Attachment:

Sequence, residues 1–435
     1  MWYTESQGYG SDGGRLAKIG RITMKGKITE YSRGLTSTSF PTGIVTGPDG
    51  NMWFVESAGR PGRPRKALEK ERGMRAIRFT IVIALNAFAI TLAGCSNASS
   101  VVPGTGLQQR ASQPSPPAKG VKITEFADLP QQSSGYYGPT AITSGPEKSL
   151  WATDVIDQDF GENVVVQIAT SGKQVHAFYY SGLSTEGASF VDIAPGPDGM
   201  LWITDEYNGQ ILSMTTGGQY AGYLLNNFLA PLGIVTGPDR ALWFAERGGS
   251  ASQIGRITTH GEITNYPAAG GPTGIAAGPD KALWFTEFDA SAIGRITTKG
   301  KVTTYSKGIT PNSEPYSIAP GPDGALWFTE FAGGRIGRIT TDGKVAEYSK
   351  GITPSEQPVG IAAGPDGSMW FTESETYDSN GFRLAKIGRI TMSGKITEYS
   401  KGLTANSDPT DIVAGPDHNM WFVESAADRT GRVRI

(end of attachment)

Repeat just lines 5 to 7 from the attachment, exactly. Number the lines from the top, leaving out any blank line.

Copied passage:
   151  WATDVIDQDF GENVVVQIAT SGKQVHAFYY SGLSTEGASF VDIAPGPDGM
   201  LWITDEYNGQ ILSMTTGGQY AGYLLNNFLA PLGIVTGPDR ALWFAERGGS
   251  ASQIGRITTH GEITNYPAAG GPTGIAAGPD KALWFTEFDA SAIGRITTKG